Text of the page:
What are the rules of correspondance of QM, as epistemologists would say
I very roughly know how it works in GR, but QM seems a bit more vague
 
i suspect there's no "definitive" way, just ways which are good FAPP
like, suppose you had an a system which is consistently observed to give two outcomes 0,1
 
Don't we classically measure energy from the change in volume of mercury or something
 
Yeah but as I said
Those are the bullshit systems
If you're using spin hilbert spaces, there are essentially like 4 operators on it
 
2:20 PM
there's probably nothing stopping you from saying there's 'really' a third state $2$ which occurs with very very very small probability
 
It's a bit trivial to do
@Semiclassical Black swans are yet another bear I don't want to wake up :p
 
lol, fair
 
Maybe the change in expected value of something we definitively know what it is e.g. position is the only way
I dunno how else to measure energy classically
 
Well yes, but position isn't even a real measurement
The real machines to measure it are like cloud chambers or wire chambers
 
depends on which interpretation you use, but in the usual interpretation position isn't privileged
 
2:21 PM
It's kind of vague what operators those represent
@Semiclassical It's not priviledged in the formalism, but is it in the measurements
 
well, my point was alluding to pilot wave theory: it's very much privileged in that formalism
for better or worse
 
I think an experimentalist would know the answer to these questions maybe
 
e.g., the Stern-Gerlach experiment is 'really' just a position measurement
and the pilot-wave story for that very much embraces that
 
Isn't everything we do just a measurement of position?
 
(though arguably the Bohm story is not privileging "position" so much as it is "configuration", and that's dicier)
 
2:24 PM
Except we can infer energy from the wavelength of light emmited
 
@DIRAC1930 certainly some people have said that, e.g., John Bell has a quote to that effect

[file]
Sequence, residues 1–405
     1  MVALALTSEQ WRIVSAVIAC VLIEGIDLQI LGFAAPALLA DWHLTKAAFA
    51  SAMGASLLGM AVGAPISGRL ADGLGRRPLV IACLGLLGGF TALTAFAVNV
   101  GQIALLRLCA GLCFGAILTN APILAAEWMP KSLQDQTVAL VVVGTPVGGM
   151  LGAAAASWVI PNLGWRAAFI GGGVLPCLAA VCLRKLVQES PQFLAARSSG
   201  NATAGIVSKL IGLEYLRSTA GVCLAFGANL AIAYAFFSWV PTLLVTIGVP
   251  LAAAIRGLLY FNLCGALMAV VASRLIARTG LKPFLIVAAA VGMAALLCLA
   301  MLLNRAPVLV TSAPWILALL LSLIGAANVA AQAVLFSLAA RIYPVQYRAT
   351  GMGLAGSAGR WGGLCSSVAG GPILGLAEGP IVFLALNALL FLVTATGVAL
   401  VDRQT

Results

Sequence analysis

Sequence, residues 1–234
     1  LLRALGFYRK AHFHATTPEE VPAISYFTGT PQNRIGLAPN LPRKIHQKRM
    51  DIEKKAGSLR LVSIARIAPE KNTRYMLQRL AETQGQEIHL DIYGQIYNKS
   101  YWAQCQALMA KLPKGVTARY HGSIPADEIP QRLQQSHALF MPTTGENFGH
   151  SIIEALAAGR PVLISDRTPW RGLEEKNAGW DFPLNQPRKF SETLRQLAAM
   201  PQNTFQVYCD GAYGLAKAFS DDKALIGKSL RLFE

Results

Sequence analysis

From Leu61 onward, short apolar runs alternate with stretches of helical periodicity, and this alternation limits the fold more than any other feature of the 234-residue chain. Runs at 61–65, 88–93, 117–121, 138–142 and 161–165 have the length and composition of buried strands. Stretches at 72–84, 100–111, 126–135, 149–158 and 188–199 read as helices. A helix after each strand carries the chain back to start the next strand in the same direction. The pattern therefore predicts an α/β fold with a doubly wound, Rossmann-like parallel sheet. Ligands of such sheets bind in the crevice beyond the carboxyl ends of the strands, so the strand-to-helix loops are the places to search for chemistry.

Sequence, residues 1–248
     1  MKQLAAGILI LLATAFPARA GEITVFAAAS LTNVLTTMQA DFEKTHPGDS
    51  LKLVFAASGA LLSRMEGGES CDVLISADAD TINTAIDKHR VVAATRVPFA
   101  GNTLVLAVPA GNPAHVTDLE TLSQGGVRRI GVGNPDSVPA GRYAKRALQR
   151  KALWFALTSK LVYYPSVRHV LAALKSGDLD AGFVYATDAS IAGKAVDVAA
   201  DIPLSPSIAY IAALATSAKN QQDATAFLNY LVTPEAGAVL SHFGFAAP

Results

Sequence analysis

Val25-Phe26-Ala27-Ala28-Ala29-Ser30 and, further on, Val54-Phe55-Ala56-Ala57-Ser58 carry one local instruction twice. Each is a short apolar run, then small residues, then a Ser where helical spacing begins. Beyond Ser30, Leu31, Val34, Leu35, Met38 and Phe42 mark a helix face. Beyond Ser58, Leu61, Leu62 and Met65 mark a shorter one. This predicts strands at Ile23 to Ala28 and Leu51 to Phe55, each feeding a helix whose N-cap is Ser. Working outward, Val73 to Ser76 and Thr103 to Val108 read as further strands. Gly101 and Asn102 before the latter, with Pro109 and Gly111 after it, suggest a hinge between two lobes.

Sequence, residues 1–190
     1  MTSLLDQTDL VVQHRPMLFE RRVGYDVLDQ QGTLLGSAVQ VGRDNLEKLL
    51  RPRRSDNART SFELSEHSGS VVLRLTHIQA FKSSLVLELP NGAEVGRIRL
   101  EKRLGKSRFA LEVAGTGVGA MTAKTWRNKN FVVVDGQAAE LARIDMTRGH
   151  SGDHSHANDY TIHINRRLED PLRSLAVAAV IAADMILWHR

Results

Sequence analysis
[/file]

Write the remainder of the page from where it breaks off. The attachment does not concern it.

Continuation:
@DIRAC1930 I mean we have many senses
 
i'm not sure whether it's strictly true, but my own imagination does tend to default to that
 
We can see colors
We can hear noises
We can smell things
 
well. noise is arguably just a position measurement: interaction of sound waves with a membrane
 
2:26 PM
@Semiclassical You're confusing the formalism with the reality again!
 
now i want to see a scratch-and-sniff measurement of spin :P
 
The sensory input comes before the formalism
Smell doesn't usually come up a lot for QM, but it is very useful, if risky, in chemistry
Waft is a term meaning to "carry along gently as through the air." The term is commonly used to describe scents that have diffused into other parts of a room, or to describe smoke as being seen moving through the air. Wafting may be used for everyday substances, to make sure they are fresh, or consumable. In chemistry and other sciences, it is a term of laboratory safety. In "wafting" a person takes an open hand with the palm towards the body and moves their hand over the substance in a gentle circular motion so as to lift vapors of the substance towards the nose. This method allows for a lower...
 
spin up: smells like lilac
spin down: smells like burnt toast
 
Standard smelling protocol
 
Humans are just massive position operators
 
2:28 PM
There used to be a philosophical riddle
If you give a man blind from birth sight, and you show him a sphere, would he recognize that it's a sphere?
Now we can do it and it turns out that no, they cannot!
Touching a sphere and seeing a sphere are very different things
Can't infer that they are the same on gut instinct
 
Hey, can anyone help me by transferring a question I posted on Math SE to physics SE, as I don't have enough reputation, and came to realize that the question is more about physics than maths. Also, would it be terribly out of place, to ask if anyone can spare some time to help me clear a conceptual doubt that has been bugging me for a few days now ?
 
just ask, don't ask to ask
found the Bell quote, from his paper on 'the impossible pilot wave'
"The second moral is that in physics the only observations we must consider are position observations, if only the positions of instrument pointers. It is a great merit of the de Broglie-Bohm picture to force us to consider this fact. If you make axioms, rather than definitions and theorems, about the “measurement” of anything else, then you commit redundancy and risk inconsistency."